The Romualdez amendment, by way of Pirma, will throw into the garbage bin our two-chamber principle that has been in place since the Republic’s birth. Under the Romualdez plan, the two chambers of Congress will vote jointly; that is, the 315 representatives and the 24 senators will as one body of 339 members. Three-fourths of that — 254 — would be enough for a proposal to pass under the Pirma petition.
This means that the 24 senators — who were elected by 90 percent of Filipinos to represent them — will have totally no say in amending the Constitution. Even if all 24 senators, together with the 28 opposition district congressmen and half (31) of the 63 party-list representatives were to vote against a proposal to amend the Constitution — for a total of 83 — Romualdez would still have 256 voting for the proposal, much more than the three-fourths required to get a proposal to amend the Constitution.
It will be a walk in the park for the Romualdez-controlled entity to get its proposals adopted as amendments to the Constitution. The Constitution provides that “an amendment shall be valid when ratified by a majority of the votes cast in a plebiscite which shall be held not earlier than sixty days nor later than ninety days after the approval of such amendment or revision.”
All it has to do is to discourage voters from participating. For instance, it could just get a 38 percent plebiscite turnout, in which just 50.2 percent of that figure votes for its proposal — the figures in the Columbia referendum in 2016 that junked the peace plan with its rebels its elites opposed. Or the congressmen will be ordered to mobilize their constituents using government resources to vote for its proposals; the opposition has no resources to do that.
Many commentators have bought into the snake oil that Romualdez has been selling, that lifting alleged restrictions on foreign investments and shifting to a parliamentary form of government during this period is absolutely necessary to grow the economy.
Read the actual document people are being asked to sign, guys.
Nowhere is there a commitment for the Romualdez-created entity to propose undertaking such amendments. Even Pirma’s head Oñate couldn’t explain to me what amendments the Constitution needs, except that insertion of the “voting jointly” phrase.
The Romualdez entity, most definitely, will propose the installation of a parliamentary system consisting of ministers voted on the local district level just like the House of Representatives. Romualdez, in such a situation, will certainly be elected prime minister in such a system.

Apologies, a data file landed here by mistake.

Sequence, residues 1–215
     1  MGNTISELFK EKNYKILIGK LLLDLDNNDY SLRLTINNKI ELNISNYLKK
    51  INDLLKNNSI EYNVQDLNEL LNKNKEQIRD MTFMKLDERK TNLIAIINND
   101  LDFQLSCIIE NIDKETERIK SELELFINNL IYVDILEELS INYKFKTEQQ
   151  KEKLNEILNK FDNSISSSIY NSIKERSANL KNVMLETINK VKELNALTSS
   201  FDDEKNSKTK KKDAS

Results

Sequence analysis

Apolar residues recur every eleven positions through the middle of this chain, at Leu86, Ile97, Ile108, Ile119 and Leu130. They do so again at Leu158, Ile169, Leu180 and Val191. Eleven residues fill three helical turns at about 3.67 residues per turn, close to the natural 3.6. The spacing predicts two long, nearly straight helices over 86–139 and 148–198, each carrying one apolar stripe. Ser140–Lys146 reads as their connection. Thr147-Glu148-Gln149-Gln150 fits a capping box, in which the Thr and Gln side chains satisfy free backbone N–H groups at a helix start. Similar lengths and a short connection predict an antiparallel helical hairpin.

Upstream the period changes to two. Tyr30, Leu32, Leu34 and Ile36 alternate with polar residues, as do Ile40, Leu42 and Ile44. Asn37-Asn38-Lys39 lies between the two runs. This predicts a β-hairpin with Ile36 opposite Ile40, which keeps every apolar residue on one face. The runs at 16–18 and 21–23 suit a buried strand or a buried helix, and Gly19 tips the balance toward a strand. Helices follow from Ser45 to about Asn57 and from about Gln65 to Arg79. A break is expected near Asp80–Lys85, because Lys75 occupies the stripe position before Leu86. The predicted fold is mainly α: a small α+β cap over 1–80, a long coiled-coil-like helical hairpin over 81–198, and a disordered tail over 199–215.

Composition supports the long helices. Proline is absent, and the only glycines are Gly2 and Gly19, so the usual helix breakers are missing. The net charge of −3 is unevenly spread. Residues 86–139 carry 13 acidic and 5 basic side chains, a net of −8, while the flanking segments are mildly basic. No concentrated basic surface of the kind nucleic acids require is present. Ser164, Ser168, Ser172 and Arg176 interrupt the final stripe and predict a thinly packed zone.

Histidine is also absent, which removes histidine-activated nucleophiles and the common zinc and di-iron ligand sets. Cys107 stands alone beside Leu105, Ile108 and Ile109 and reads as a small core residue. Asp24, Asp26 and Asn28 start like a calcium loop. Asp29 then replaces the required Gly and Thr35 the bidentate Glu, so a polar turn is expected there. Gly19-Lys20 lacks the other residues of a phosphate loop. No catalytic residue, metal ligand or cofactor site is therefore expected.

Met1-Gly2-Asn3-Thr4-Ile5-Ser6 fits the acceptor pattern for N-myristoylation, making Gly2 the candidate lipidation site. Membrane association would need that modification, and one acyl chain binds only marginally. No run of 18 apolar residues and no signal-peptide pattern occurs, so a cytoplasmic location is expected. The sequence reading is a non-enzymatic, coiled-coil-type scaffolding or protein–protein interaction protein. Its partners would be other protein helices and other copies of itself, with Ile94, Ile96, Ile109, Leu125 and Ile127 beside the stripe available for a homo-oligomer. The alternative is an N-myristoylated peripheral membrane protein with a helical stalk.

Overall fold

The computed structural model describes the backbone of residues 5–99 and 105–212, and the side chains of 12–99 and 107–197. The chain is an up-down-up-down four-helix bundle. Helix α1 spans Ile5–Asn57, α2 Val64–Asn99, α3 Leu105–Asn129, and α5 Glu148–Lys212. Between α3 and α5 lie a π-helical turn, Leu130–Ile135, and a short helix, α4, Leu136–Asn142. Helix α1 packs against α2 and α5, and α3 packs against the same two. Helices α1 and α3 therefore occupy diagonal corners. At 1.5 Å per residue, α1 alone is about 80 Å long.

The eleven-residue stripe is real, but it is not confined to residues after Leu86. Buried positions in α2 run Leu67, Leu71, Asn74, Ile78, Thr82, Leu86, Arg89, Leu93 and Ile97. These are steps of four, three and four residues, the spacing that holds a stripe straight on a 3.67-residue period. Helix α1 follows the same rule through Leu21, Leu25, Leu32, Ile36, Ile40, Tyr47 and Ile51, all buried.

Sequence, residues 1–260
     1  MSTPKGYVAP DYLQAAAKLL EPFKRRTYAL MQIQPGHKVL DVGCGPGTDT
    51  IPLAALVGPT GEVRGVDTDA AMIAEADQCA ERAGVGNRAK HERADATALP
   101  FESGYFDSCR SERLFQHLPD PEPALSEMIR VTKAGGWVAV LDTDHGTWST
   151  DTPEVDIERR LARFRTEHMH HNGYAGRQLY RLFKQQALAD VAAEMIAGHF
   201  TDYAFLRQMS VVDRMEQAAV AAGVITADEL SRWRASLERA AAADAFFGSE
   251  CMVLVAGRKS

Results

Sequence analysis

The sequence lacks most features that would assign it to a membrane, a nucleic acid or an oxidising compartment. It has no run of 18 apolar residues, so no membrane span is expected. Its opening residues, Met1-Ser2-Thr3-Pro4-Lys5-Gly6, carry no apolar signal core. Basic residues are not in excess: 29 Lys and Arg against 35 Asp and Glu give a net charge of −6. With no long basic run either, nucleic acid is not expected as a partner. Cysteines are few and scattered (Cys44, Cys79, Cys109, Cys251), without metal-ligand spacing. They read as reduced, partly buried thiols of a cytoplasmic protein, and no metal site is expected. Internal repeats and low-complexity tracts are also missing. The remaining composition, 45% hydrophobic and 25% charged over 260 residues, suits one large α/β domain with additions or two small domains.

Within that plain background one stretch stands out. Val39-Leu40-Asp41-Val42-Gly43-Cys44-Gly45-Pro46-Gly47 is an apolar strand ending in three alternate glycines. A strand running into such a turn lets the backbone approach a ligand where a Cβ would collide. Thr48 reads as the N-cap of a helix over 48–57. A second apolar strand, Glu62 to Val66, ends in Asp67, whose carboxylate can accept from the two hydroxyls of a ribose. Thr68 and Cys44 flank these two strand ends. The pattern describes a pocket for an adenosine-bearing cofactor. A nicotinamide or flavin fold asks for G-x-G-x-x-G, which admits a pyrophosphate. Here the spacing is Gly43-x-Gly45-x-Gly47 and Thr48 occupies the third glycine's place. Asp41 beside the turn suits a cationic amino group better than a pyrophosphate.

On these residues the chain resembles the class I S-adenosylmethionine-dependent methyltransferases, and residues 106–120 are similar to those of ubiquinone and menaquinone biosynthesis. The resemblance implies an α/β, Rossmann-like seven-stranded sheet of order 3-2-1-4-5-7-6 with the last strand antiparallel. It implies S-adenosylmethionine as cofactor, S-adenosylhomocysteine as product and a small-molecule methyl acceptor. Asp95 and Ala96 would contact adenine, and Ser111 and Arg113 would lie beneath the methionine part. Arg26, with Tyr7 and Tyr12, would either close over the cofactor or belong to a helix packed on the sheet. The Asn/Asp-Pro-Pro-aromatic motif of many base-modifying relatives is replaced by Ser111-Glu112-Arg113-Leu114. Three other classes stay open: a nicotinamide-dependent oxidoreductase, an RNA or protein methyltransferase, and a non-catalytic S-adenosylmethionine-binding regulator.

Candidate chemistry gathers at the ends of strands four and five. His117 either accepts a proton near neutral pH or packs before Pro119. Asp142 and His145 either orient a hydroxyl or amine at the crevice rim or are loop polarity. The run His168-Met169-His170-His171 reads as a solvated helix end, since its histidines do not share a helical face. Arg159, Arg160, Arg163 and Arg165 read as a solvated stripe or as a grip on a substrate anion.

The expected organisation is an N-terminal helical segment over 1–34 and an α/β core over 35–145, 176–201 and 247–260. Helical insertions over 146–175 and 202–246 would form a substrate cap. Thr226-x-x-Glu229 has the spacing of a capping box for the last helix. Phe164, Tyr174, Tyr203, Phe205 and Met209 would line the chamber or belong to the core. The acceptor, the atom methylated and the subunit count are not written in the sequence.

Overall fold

The Romualdez entity may even propose an elaborate government system in which there is a president and a prime minister, as in France, Russia, China and even Indonesia. I can just imagine Romualdez saying: “We will benefit from Bongbong’s successful stint as president and his passion for state visits that he’ll be a good president. I’m hands-on, so I will be the prime minister managing the government.”
The Romualdez entity may even decide to forget all the talk over the lifting of foreign capital in the country. This is because many of our oligarchs who have much influence on the likes of Romualdez and the political elite already have foreign companies as major investors, made through clever legal technicalities. Foreign firms that would enter upon the lifting of the constitutional restrictions will certainly not be their partners but powerful competitors.
Romualdez knows that even with the purported billions of pesos in funds that he can mobilize, he doesn’t have the charisma nor the gravitas to win the presidency, which requires those two qualities. Representatives elected on the local level, though, can easily be bought who would choose him as prime minister. In the current Constitutional setup, each of the 24 senators — because of the millions that voted them into office and their exposure on a national level — has some chance to be president.
That makes his Pirma plot so necessary, no matter how preposterous it really is when examined, no matter if the Supreme Court ruled as unconstitutional the three similar attempts in the past to amend the Constitution, no matter how deep the suspicion among Filipinos that such moves are merely power-perpetuating attempts.
Supporting Romualdez’s plot is just like signing a pact with the Devil, who promises all happiness but, in the fine print, will result in misery and bondage to the Deceiver.
First, Bongbong, then his cousin Martin as fathers of the nation. What’s happened to our country?
On Wednesday: Who is Noel Oñate?